PORT AU PRINCE, Haiti, CMC – Haitian legislators are to meet to set a new date for hearing a petition by opposition deputies to impeach President Jovenel Moise, after yet another attempt fizzled out on Monday.
At least 21 deputies had filed a motion accusing Moise of high treason, claiming that he had violated the Constitution and was leading the country to “the edge of the social explosion”.
The first attempt at debating the matter last week failed after the majority of the deputies, most of whom are aligned to Moise’s party, said that it was up to those who are accusing to provide evidence of violations of the Constitution.
Other legislators said they were disappointed that those who had been demanding for several months this special sitting so as to put to the vote a motion to impeach the Head of State, were not in a position to do so.
But when the matter came up for debate on Monday, only a few deputies were present at the start forcing an adjournment to late in the day when the quorum was obtained with 60 deputies present.
However, soon after announcing the start of the session, Speaker Gary Bodeau, spoke of the security situation outside the Parliament building where more than a 100 opposition supporters erected barricades of burning tires in front of the building.
They also threw stones shouted hostile statements against the majority of the parliamentarians who oppose the indictment of President Moïse.
The authorities said that several vehicles were damaged as the protestors clashed with police who used teargas to remove them from in front of the building.
Following discussions with the presidents of the three parliamentary blocs, Bodeau said that a new date would be set for the debate.
Political observers say that the debate is aimed at prolonging the ratification of the new government, which would also delay the implementation of emergency measures to overcome the economic crisis that the country is facing.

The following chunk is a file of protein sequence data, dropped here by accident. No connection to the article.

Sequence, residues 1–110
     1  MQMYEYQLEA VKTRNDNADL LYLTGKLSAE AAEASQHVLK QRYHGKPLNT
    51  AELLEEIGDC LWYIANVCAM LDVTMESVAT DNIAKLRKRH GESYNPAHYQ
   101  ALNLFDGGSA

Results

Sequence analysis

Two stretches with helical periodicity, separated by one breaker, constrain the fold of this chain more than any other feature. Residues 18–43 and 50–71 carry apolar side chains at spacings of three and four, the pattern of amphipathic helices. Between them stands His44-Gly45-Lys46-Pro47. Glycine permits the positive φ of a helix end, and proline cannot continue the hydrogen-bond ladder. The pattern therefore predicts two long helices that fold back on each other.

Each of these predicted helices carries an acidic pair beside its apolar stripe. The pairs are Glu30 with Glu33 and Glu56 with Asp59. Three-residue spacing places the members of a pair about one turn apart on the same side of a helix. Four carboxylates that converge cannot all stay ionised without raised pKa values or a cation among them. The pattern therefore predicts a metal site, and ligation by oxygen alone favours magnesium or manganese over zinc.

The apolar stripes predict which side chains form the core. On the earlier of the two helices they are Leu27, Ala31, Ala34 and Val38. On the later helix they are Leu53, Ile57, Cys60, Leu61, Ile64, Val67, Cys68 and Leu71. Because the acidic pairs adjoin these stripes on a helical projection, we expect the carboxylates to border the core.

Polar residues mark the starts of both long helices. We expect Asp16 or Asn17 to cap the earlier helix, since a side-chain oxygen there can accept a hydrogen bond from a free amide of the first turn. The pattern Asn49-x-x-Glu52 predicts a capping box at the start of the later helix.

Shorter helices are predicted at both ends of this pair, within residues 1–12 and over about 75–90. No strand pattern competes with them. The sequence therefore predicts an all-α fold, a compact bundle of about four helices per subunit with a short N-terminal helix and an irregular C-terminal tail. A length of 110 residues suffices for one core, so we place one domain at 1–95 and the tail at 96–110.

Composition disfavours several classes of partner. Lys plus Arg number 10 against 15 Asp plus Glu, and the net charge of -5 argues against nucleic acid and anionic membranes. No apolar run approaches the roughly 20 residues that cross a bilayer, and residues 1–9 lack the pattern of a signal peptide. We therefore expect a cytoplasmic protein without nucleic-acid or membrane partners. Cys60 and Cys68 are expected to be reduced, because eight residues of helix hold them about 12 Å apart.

Earlier this month, Moise called on Parliament to approve the nomination and government of Prime Minister Fritz William Michel, describing him as “a brilliant civil servant who has devoted his entire career to serving the people of Haiti”.
Michel, a former executive in the Ministry of Economy and Finance, became the fourth prime minister of this French-speaking Caribbean Community (CARICOM) country since President Moise became the head of state in 2017.
He has since named an 18-member Cabinet, equally divided between men and women and is waiting to present his general policy statement to parliament.
Meanwhile, the Haitian government has recalled three diplomats from its embassy in the Bahamas including Chargé d’Affaires François Michel. The recall follows a Commission of Inquiry into concerns of corruption earlier this month.
The Tribune newspaper in Nassau reported Tuesday that Michel, Consul Herns Mesamours and First Secretary Blaise Claudy had received their letters to return to Port au Prince last week.
The Commission of Inquiry had centred on claims the embassy was involved in getting visas for Haitians and finding fake partners for them to marry to gain status in the Bahamas.
In a statement announcing the commission, Haiti made reference to the media coverage of an arraignment of three Bahamians and two Haitians accused of a fraudulent marriage scheme on July 24. According to an embassy statement, the Commission met with the permanent secretary of the Ministry of Foreign Affairs; the two Haitians in prison awaiting trial; the superintendent in charge of the investigation and other government officials.
The commission’s report has not been made public.
Foreign Affairs Minister Darren Henfield has since dismissed Haitian media reports that Nassau had advised it no longer wished to work with diplomatic staff at the embassy here.
“The Bahamas government has no knowledge of this. I refute any assertion that we intimated in any way to the Haitian government any issues concerning personnel at the embassy in that regard,” he said.